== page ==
The PSA test saved my dad's life. Initially had no signs or symptoms and went to his general physician for a physical. The doctor suggested a PSA given his age, 53. His PSA came back elevated and was completed a 2nd time weeks later, still elevated. He then had a biopsy which showed many of the samples were positive for cancer. He was diagnosed with Stage 2 – needing a radical prostectomy, chemo, and radiation. He's ~2 months out of treatment. The test saved his life. It's worth the time to get tested. I would never suggest that a man defer this test.

    May 22, 2012 at 18:07 | Report abuse | Reply
    • Patty

      I agree completely. It is a simple bloodtest and I am not sure what would have happened to my husband if his prostate cancer went untreated. His PSA went up and he had the biopsy which confirmed cancer of the prostate and then had a radical prostatectomy. It had spread to the seminal vesicle but not outside the capsule. That was 10 years ago and he is fine
      but I don't understand why anyone would stop the bloodtest. A biopsy can always be done to confirm.

      May 23, 2012 at 12:26 | Report abuse |
    • hankcarf

      The routine PSA saved my life, too. I was diagnosed with prostate cancer at 47. If I hadn't had surgery, it would have spread. These recommendations are absurd and irresponsible.

      May 23, 2012 at 16:58 | Report abuse |
  2. Fred

    The United States Preventive Services Task Force - Preventing Medical Services to American Citizens to Maximize Insurance Company Profits.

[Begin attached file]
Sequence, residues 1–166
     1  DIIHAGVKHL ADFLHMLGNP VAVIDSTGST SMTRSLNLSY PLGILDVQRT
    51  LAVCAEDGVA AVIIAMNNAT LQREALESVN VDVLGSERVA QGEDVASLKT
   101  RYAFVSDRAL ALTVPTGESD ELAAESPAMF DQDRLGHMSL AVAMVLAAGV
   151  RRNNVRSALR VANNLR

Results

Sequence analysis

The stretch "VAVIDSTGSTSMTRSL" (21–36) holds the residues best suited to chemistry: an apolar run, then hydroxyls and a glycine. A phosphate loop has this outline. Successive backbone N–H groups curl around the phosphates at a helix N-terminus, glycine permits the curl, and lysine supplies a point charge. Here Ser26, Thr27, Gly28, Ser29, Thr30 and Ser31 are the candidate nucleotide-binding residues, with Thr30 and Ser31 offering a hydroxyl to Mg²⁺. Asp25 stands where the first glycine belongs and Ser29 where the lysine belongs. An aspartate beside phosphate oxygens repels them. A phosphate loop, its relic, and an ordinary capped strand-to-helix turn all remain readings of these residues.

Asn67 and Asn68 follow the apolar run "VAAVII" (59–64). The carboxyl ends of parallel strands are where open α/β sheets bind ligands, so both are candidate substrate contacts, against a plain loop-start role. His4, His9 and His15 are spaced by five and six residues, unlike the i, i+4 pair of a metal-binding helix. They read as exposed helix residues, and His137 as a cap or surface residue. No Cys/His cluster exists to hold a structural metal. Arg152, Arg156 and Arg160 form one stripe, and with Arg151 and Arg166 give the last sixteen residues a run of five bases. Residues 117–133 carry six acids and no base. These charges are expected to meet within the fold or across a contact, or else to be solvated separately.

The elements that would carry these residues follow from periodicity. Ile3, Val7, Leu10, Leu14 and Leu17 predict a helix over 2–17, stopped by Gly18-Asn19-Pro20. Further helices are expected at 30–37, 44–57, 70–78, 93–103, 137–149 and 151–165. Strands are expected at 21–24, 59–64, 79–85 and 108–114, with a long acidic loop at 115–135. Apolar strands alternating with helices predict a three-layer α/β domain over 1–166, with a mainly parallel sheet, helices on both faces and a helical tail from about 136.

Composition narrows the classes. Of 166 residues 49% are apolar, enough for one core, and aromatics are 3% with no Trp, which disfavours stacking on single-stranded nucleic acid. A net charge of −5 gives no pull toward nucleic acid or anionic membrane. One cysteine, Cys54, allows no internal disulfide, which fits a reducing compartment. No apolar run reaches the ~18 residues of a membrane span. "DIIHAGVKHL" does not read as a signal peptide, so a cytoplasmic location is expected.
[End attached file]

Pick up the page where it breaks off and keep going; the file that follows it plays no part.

It used to be that we only had Insurance Companies were refusing to provide necessary and appropriate medical care because they didn't want to pay for it. Now the Obamacare Death Panels are in lock step with the Insurance Companies to help remove anyone over the age of 40 or sick or handicapped. Won't be long before we have English Speaking Nazi like Death Panels.

    Way to go Obama. You so smart. And don't forget American's Obama says Dog is tasty, so we can expect it on our children's school lunch menu starting in 2013 because if it's good enough for Barry it's OK for you.

    May 22, 2012 at 19:14 | Report abuse | Reply
    • Kathy O'Rourke

      Seriously? I think you are a bit over the line on this. There are no government "Death Panels" and what in the heck does Obama having eaten dog have to do with the issue anyway?
      Perhaps you need to check your facts before you fly off on a tangent.

      May 22, 2012 at 19:22 | Report abuse |
    • Fred

      Kathy, just because they don't call themselves a death panel, doesn't mean the root purpose is to do that very thing. Naturally, Obamacare won't use such obvious labeling. Insurance companies don't either. But it's still what they are doing. If someone is too old, too costly to keep alive, they will find ways to convince you that you don't need treatment. It's no different than Hitler putting handicapped and retarded people to death in Nazi Germany and countries under it's control. Just because Obama doesn't wear a swastika doesn't mean that he doesn't dream of one.